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Statistics LibreTexts

29.5: Analysis of Variance (Section 28.6.1)

  • Page ID
    8874
  • Often we want to compare several different means, to determine whether any of them are different from the others. In this case, let’s look at the data from NHANES to determine whether Marital Status is related to sleep quality. First we clean up the data:

    NHANES_sleep_marriage <- 
      NHANES_adult %>%
      dplyr::select(SleepHrsNight, MaritalStatus, Age) %>%
      drop_na()

    In this case we are going to treat the full NHANES dataset as our sample, with the goal of generalizing to the entire US population (from which the NHANES dataset is mean to be a representative sample). First let’s look at the distribution of the different values of the MaritalStatus variable:

    NHANES_sleep_marriage %>%
      group_by(MaritalStatus) %>%
      summarize(n=n()) %>%
      kable()
    MaritalStatus n
    Divorced 437
    LivePartner 370
    Married 2434
    NeverMarried 889
    Separated 134
    Widowed 329

    There are reasonable numbers of most of these categories, but let’s remove the Separated category since it has relatively few members:

    NHANES_sleep_marriage <-
      NHANES_sleep_marriage %>%
      dplyr::filter(MaritalStatus!="Separated")

    Now let’s use lm() to perform an analysis of variance. Since we also suspect that Age is related to the amount of sleep, we will also include Age in the model.

    lm_sleep_marriage <- lm(SleepHrsNight ~ MaritalStatus + Age,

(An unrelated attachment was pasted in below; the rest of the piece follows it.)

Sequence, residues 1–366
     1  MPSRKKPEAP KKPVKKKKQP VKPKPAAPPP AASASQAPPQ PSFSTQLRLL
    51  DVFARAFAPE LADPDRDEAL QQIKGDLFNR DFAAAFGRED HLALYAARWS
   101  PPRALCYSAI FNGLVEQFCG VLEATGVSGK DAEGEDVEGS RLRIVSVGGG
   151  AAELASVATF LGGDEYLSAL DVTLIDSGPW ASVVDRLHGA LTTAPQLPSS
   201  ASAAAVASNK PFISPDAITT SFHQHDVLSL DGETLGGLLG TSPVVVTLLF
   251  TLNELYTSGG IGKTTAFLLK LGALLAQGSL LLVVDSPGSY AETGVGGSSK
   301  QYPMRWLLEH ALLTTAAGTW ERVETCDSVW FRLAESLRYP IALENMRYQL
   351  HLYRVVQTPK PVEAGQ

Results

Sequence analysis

data=NHANES_sleep_marriage)
    summary(lm_sleep_marriage)
    ## 
    ## Call:
    ## lm(formula = SleepHrsNight ~ MaritalStatus + Age, data = NHANES_sleep_marriage)
    ## 
    ## Residuals:
    ##    Min     1Q Median     3Q    Max 
    ## -5.016 -0.880  0.107  1.082  5.282 
    ## 
    ## Coefficients:
    ##                           Estimate Std. Error t value Pr(>|t|)    
    ## (Intercept)                6.51758    0.09802   66.49  < 2e-16 ***
    ## MaritalStatusLivePartner   0.14373    0.09869    1.46  0.14536    
    ## MaritalStatusMarried       0.23494    0.07094    3.31  0.00093 ***
    ## MaritalStatusNeverMarried  0.25172    0.08404    3.00  0.00276 ** 
    ## MaritalStatusWidowed       0.26304    0.10327    2.55  0.01090 *  
    ## Age                        0.00318    0.00141    2.25  0.02464 *  
    ## ---
    ## Signif. codes:  0 '***' 0.001 '**' 0.01 '*' 0.05 '.' 0.1 ' ' 1
    ## 
    ## Residual standard error: 1.4 on 4453 degrees of freedom
    ## Multiple R-squared:  0.00458,    Adjusted R-squared:  0.00347 
    ## F-statistic:  4.1 on 5 and 4453 DF,  p-value: 0.00102

    This tells us that there is a highly significant effect of marital status (based on the F test), though it accounts for a very small amount of variance (less than 1%).

    It’s also useful to look in more detail at which groups differ from which others, which we can do by examining the estimated marginal means for each group using the emmeans() function.

    # compute the differences between each of the means
    leastsquare <- emmeans(lm_sleep_marriage, 
                          pairwise ~ MaritalStatus,
                          adjust="tukey")
     
    # display the results by grouping using letters
    
    CLD(leastsquare$emmeans, 
        alpha=.05,  
        Letters=letters)
    ##  MaritalStatus emmean    SE   df lower.CL upper.CL .group
    ##  Divorced         6.7 0.066 4453      6.5      6.8  a    
    ##  LivePartner      6.8 0.073 4453      6.7      7.0  ab   
    ##  Married          6.9 0.028 4453      6.8      7.0   b   
    ##  NeverMarried     6.9 0.050 4453      6.8      7.0   b   
    ##  Widowed          6.9 0.082 4453      6.8      7.1  ab   
    ## 
    ## Confidence level used: 0.95